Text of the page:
Noah Smith: The Behavioral Finance Case for Buying Gold: Noted for July 31, 2013
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Note to Self: Can Short-Run Stimulative Policy Increase the Chance of a Future Inflationary Breakout?

Paul Krugman says "no"…

Consider Japan and Abenomics. In the long-run, Paul Krugman says, the real interest rate on JGB is determined by supply-side factors: risk tolerance, time preference, and growth. None of these are affected by Abenomics. In the long run the debt-sustainability calculus is what it is, whether favorable or unfavorable.

In the short-run, Paul says, Abenomics raises expected inflation and thus reduces the short-run real interest rate on the debt--that is, after all, the point of the policy. Therefore Abenomics in the short run means that when the long-run arrives the debt-to-GDP ratio is lower, thus reducing the problem of financing the debt that we short-run policymakers hand off to our long-run successors.

Alternatively, consider that today's long real interest rates are a combination of today's short-run short-term rate and the long-run future's short-term rates. Abenomics unambiguously reduces today's short-term real rate. It leaves future supply-determined short-term rates unchanged. Thus it reduces today's long-term real interest rate. Thus it reduces the long-run cost of financing Japan's government debt. Thus it must improve rather than erode Japan's fiscal position.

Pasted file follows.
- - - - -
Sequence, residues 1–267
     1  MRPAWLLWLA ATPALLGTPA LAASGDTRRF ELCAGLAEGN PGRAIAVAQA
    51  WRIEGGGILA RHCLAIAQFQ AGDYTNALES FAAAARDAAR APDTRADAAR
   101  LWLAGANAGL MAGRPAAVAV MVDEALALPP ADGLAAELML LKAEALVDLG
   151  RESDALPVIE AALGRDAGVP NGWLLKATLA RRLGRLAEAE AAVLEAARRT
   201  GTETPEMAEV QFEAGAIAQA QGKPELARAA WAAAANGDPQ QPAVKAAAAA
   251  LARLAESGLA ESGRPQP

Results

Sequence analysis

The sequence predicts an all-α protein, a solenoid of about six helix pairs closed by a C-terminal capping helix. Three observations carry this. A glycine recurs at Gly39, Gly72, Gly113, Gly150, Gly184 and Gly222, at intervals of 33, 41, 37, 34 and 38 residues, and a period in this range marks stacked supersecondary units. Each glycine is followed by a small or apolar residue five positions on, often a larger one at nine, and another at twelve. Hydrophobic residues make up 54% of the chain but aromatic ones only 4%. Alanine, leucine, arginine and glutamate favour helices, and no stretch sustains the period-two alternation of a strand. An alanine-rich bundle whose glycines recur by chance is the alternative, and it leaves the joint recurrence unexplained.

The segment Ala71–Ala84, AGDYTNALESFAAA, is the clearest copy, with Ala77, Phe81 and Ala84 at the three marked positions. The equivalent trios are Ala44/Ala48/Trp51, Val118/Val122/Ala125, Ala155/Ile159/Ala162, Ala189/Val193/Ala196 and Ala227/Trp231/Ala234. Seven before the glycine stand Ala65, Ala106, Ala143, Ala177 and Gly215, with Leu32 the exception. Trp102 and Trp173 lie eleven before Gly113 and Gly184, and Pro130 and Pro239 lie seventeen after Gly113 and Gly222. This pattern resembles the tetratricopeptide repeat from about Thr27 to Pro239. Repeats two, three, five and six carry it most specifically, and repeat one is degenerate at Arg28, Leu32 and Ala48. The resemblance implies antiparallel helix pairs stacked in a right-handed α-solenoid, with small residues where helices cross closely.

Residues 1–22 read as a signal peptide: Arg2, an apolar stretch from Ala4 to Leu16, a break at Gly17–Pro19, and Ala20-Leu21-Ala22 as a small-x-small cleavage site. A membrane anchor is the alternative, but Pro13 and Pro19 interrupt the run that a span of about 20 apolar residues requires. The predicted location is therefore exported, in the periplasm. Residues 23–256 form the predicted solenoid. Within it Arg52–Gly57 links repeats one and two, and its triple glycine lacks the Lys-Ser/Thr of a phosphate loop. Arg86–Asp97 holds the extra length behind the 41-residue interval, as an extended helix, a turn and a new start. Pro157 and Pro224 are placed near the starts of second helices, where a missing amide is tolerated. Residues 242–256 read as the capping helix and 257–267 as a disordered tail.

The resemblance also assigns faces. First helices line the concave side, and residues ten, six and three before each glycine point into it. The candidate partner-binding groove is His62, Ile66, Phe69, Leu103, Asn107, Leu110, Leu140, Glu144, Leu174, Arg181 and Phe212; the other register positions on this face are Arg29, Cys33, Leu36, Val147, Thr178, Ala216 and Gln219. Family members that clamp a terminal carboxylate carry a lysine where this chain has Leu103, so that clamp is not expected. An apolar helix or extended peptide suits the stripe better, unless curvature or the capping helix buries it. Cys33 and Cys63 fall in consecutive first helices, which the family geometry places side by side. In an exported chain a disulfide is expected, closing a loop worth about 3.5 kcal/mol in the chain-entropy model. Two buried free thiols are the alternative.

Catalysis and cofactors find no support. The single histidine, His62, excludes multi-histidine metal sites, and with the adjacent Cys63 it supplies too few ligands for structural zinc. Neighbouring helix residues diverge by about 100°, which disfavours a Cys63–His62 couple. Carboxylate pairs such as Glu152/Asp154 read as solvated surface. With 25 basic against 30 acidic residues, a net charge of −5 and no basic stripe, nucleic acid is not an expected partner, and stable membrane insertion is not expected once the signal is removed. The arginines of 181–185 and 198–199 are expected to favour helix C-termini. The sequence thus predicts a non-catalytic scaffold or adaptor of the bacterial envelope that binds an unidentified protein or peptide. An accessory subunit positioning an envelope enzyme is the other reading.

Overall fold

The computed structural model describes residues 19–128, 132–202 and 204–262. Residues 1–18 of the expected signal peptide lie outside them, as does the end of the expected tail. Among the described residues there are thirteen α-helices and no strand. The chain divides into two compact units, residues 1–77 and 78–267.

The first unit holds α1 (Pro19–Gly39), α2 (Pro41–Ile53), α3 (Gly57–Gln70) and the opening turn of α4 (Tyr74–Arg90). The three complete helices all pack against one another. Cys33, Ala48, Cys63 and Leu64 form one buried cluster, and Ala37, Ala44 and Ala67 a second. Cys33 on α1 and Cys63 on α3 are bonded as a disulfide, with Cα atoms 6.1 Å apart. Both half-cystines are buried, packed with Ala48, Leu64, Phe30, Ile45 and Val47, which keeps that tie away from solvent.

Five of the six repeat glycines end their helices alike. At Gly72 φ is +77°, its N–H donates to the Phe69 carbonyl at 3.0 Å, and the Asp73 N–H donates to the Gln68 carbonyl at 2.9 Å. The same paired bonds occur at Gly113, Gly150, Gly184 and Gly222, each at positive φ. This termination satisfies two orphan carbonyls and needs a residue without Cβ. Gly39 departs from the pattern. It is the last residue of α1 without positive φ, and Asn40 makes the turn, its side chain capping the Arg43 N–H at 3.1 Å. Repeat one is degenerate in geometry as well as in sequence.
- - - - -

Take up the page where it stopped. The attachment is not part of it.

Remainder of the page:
I think that Paul's conclusion is ambiguously correct--as long as you buy Paul's model: has a Keynesian unemployment short-run and a classical full employment supply-side determined long-run, with today's long-term real interest rates and thus debt sustainability a fixed-weight average of the two.

How could this go wrong?

What if we were to adopt an even more Keynesian model? What if we said that there was a Keynesian short-run, a classical long-run, and a medium-run that could be either?

Could it be that amortizing JGB at its current real values is expected to be sustainable because it is thought that the debt will be paid down to some degree during a long-lasting medium-run, in which unemployment is high, short-term real rates are negative, and yet deficits are low? Could it be that Abenomics eliminates this expected substantial depressed medium-run--if it leads people to expect a rapid transition from today's depressed economy to a future full-employment long-run economy with higher real interest rates--it does not improve but rather erodes debt sustainability?

I find myself unsure…